Hostile attitudes and inappropriate treatment of women persist at the U.S. Military Academy at West Point and at the U.S. Naval Academy in Annapolis, a Pentagon task force reported yesterday.
The panel called for better training of future officers at the academies, saying the value of women in the military should be better emphasized. It said current training regarding sexual harassment and assault issues is inadequate, resulting in misunderstandings by cadets and midshipmen about how to obtain medical care, counseling and legal assistance.
The study's authors included several military officers and experts on issues of sexual harassment and assault.
The report is the latest to address sexual issues and cultural attitudes at those academies after a scandal at the Air Force Academy in Colorado Springs surfaced in 2003.
Other studies have focused on the Air Force Academy, and its leadership has been replaced. But Congress also requested a look at West Point and the Naval Academy.
The new study credited both academies with making progress in addressing sexual harassment and assault issues, particularly in improving services to victims. But it called for putting more women in leadership roles at the academies, and said more women should be admitted as cadets and midshipmen.
"Some research shows that a 'critical mass' can make a difference in creating an environment that has a markedly positive effect on the acceptance and integration of women in a mostly male community, resulting in decreased incidence of sexual harassment and assault," the report said. Fifteen to 17 percent of the students at each academy are women.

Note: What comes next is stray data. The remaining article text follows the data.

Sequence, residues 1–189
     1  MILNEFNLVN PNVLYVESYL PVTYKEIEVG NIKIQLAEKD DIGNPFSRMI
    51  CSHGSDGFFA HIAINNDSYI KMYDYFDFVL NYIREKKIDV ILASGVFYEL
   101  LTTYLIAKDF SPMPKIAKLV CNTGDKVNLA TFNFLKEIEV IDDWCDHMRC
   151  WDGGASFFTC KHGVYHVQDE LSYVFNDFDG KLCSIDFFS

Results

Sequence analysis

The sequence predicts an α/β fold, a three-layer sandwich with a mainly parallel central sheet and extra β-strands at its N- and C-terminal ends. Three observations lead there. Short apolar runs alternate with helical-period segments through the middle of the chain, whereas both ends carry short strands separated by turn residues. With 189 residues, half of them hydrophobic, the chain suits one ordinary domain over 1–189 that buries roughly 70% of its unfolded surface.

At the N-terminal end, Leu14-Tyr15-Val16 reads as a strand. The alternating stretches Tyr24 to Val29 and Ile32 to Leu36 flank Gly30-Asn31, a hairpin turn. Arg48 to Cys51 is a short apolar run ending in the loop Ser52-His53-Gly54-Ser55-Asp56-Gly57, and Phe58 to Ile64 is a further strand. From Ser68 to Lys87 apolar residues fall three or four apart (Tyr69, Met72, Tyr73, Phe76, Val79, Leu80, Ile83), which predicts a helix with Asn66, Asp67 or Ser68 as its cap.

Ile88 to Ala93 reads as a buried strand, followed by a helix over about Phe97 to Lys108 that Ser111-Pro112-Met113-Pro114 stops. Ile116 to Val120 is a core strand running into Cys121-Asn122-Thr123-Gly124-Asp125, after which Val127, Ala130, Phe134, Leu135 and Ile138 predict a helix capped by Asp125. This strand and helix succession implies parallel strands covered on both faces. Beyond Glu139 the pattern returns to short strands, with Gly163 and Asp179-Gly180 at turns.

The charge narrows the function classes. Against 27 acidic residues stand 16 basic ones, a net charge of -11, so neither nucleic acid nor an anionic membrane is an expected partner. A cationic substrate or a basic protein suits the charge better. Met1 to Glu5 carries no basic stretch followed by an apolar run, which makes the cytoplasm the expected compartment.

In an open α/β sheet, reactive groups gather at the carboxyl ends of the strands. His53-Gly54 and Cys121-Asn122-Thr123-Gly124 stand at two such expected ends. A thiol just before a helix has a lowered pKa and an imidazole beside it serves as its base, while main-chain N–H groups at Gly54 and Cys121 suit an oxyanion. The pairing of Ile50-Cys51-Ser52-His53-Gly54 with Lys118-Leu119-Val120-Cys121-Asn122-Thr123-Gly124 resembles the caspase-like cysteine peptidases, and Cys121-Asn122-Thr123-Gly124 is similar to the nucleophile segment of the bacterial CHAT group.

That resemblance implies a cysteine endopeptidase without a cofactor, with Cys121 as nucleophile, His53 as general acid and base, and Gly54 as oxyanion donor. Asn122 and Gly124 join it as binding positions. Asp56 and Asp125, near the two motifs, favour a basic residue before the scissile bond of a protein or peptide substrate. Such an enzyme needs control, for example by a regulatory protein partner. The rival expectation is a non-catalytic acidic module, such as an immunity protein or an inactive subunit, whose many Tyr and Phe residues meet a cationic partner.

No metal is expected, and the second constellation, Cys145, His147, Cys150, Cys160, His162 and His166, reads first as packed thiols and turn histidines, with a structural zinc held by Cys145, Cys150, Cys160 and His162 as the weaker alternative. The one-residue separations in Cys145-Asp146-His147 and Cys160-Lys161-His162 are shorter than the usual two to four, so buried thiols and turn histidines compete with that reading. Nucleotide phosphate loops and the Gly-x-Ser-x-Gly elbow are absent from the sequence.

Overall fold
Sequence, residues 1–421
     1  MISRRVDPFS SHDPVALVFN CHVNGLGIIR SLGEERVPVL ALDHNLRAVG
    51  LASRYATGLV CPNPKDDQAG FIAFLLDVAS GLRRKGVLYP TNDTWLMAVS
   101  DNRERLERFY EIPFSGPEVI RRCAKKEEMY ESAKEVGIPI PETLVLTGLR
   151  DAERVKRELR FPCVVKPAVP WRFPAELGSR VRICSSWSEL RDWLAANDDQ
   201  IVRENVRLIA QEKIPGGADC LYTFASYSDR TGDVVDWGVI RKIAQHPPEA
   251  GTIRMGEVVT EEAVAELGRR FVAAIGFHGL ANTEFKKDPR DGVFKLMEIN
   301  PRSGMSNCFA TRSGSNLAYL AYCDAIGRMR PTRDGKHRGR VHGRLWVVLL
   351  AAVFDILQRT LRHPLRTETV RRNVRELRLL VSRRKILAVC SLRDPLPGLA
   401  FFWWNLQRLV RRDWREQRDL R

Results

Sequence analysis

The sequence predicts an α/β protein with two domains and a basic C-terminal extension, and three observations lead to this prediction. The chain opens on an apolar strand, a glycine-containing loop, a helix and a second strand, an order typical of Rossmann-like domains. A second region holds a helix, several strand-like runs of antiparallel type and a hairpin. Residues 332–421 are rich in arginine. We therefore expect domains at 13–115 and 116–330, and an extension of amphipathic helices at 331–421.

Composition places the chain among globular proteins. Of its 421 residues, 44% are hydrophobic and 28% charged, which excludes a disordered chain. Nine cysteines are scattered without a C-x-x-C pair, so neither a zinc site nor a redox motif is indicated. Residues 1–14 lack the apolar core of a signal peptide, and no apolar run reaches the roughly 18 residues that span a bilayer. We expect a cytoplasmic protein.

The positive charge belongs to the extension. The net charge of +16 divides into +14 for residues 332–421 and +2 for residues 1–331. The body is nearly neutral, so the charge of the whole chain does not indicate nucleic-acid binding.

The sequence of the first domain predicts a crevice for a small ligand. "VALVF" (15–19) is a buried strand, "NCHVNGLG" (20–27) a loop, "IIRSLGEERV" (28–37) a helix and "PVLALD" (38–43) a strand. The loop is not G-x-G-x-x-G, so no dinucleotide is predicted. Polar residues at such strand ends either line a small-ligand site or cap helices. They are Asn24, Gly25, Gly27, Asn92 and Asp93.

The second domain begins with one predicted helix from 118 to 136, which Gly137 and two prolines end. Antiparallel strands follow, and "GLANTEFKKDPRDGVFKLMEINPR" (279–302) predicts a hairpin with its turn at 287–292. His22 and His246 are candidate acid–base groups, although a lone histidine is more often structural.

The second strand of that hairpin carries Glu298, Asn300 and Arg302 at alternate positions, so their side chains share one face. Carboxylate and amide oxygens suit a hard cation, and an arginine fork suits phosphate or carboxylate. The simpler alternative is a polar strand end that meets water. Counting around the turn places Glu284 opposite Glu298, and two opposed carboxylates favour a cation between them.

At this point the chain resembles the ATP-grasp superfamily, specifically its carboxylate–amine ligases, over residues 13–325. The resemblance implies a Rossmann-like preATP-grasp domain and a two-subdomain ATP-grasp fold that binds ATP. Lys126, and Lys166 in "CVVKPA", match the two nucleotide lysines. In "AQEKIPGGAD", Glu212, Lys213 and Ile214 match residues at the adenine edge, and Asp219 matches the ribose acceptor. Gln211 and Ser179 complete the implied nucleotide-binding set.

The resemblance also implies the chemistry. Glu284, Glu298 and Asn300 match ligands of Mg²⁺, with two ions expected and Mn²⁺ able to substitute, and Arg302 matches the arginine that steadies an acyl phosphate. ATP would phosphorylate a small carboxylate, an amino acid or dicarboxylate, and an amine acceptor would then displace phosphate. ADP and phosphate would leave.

The task force said harassment at the academies included jokes and offensive stories of sexual exploits; derogatory terms for women; offensive gestures; repeated, unwanted propositions for dates or sex; and offering to trade academic favors -- such as a positive evaluation -- for sexual acts.
The task force also called for new military law to protect the confidentiality of cadets and midshipmen who are victims of sexual misconduct when they speak with medical personnel or victims' advocates. Task force members also said allegations of sexual misconduct were only rarely prosecuted to the maximum extent.
In March, the military released results of surveys at all three military academies. Women at the academies reported about 300 incidents of sexual assault since they enrolled, a figure the military says is comparable to an experience at civilian schools.
Last year, nearly 150 women came forward with accusations that they had been sexually assaulted by fellow cadets at the Air Force Academy between 1993 and 2003. Many alleged they were punished, ignored or ostracized by commanders for speaking out.